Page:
We all mourn and grieve in different ways. Some of us prefer the silence of prayer, others the comforting laughter of friends. Some others greatly prefer taking the opportunity to release all the pent-up frustration and rage that has been stored inside. Essentially, there are many reactions that one might feel about a tragedy, such as the one that recently occurred in Boston. However, there is no “right way” to mourn or grieve. Though it can be difficult to incorporate such a vast expanse of emotions in a single event, the vigil that was held at the University of Massachusetts on Tuesday night was meant as a chance for all types of people to come together and express their feelings in whichever manner was best suited to each individual. The important thing was that we had a chance to come together as a community and show our support and solidarity. Naturally, in a large community there always will be differing opinions and approaches to issues that we are confronted with today.
I understand and truly hear those who wished that the night had not taken on an overtly political tone. I, too, wished for a night where we could pay respects to the victims of the bombing and focus on hoping for the healing of a city. However, the unfortunate and regrettable reality is that all tragedies are politicized. The bombings became politicized the moment the explosions ripped through innocent spectators. The bombings became politicized the moment it was reported that a Saudi national was tackled to the ground as he ran in sheer panic and in fear of the bombings. The bombings became politicized the moment media outlets such as Fox News, CNN, MSNBC and other prominent news sources debated over President Barach Obama not calling Monday’s incident a “terrorist attack” in his speech. Sadly, such is the reality and we cannot ignore the situation. We must be cognizant of the fact that all things are political, no matter how much one may wish otherwise.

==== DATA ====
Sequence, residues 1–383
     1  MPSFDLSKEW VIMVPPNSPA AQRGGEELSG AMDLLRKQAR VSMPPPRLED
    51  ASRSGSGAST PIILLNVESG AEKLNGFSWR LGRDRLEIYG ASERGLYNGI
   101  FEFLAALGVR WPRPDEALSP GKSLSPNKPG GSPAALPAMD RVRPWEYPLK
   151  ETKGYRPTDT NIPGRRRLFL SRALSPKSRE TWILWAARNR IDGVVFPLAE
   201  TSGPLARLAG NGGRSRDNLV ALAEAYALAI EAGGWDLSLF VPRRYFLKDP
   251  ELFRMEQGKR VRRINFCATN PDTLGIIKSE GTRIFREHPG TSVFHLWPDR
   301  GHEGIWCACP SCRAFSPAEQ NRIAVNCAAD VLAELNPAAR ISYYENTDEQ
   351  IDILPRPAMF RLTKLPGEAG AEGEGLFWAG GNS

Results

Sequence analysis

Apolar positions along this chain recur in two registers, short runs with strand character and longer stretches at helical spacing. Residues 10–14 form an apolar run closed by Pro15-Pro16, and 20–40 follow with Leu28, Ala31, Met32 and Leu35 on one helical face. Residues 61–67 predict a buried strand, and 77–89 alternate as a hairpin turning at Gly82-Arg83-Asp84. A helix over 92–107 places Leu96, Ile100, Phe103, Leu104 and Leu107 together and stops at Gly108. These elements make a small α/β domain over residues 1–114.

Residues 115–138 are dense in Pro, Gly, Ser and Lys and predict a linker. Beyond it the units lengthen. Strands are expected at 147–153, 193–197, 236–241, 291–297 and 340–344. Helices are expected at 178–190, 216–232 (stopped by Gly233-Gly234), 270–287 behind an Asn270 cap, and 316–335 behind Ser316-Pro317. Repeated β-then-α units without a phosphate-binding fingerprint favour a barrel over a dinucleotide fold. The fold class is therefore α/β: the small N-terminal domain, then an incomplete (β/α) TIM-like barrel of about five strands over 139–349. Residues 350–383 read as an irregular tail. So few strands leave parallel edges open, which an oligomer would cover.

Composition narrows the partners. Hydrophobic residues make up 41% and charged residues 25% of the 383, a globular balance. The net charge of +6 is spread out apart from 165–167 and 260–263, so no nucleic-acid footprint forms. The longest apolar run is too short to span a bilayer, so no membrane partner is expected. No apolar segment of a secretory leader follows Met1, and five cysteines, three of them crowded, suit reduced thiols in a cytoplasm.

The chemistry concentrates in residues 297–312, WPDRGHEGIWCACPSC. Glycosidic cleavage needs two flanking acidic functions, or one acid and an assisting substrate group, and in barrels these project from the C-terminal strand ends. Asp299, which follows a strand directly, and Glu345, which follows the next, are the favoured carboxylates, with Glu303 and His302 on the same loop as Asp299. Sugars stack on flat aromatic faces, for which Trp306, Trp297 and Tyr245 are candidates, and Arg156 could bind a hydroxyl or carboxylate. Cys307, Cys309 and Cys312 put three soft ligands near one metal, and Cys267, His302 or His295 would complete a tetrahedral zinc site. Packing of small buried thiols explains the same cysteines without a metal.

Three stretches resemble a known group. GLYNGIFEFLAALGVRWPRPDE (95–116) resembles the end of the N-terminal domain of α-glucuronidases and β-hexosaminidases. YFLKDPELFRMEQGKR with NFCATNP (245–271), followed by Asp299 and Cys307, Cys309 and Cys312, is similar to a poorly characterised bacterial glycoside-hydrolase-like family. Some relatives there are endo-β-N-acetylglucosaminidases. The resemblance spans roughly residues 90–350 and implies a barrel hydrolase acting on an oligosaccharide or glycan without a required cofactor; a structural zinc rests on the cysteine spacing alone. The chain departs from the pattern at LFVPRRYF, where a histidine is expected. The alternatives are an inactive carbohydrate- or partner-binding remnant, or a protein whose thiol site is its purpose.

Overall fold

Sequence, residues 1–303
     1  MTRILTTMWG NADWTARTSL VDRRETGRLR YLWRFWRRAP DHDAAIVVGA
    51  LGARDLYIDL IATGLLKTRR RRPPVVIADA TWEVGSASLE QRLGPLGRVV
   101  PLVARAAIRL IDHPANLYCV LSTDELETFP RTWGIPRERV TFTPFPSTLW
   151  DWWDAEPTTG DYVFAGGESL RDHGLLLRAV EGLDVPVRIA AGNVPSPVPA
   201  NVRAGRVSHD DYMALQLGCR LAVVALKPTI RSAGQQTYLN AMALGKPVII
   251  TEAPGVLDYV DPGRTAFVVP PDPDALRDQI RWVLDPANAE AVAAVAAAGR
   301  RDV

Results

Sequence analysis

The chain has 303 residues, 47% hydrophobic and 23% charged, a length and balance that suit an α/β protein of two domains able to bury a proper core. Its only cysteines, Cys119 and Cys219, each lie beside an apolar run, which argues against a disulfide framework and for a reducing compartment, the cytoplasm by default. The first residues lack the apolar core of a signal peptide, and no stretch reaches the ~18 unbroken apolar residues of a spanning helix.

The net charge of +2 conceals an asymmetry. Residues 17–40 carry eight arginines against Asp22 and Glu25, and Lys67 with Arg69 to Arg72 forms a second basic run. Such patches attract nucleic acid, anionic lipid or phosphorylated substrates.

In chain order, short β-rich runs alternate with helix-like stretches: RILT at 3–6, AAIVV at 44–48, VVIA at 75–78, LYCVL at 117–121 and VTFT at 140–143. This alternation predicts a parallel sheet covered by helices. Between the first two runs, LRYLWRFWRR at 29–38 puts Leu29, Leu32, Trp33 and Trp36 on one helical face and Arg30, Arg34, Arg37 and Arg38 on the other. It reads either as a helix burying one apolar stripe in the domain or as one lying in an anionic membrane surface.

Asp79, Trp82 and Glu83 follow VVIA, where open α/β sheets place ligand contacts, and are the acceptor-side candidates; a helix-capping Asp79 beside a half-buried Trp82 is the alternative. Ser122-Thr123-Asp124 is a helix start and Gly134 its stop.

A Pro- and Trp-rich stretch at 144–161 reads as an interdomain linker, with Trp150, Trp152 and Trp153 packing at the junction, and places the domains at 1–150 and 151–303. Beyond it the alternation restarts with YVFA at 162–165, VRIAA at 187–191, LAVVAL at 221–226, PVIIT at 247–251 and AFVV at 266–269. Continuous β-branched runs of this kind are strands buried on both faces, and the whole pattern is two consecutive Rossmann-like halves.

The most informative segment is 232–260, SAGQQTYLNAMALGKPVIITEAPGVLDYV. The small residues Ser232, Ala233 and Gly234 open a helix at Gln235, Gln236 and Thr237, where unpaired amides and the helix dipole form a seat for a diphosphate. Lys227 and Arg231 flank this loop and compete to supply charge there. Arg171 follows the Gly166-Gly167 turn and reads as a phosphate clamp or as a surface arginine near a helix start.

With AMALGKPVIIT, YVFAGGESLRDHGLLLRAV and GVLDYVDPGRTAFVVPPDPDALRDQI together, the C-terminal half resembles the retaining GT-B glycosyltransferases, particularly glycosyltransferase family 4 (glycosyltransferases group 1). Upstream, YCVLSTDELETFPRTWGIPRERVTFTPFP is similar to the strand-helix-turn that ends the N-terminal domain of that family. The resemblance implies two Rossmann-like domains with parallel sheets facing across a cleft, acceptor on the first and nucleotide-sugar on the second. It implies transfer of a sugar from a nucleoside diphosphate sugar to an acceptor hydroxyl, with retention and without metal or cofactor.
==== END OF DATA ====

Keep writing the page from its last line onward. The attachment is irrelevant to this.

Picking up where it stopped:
So while we must pray for the victims of the bombings and the city of Boston, we must also pray for the future. In the wake of the bombings, I witnessed people uniting, but I also saw people trying to be divisive; people were resorting to old stereotypes and old fears. I do not want this bombing to lead to further violence in an already violent world. I do not think any of us truly want this bombing to lead to hate and bigotry when there is already so much in this society of ours. Those who wish to use the bombings in Boston to promote an ideology fueled by hate and fear were quick to work minutes after the attack.
The night of the vigil, I was so proud to be a UMass student. The days to come will be trying for us all. As new information comes to light, opinions will only become more heated and contested. April 15 will only become more politicized. But we must always remember the victims and we must always remember the good in humanity. Let us not go down the easy road of letting fear and hate guide our decisions; instead, let love and respect for all human life win the day.
Benjamin Bull is a Collegian contributor. He can be reached at email@example.com.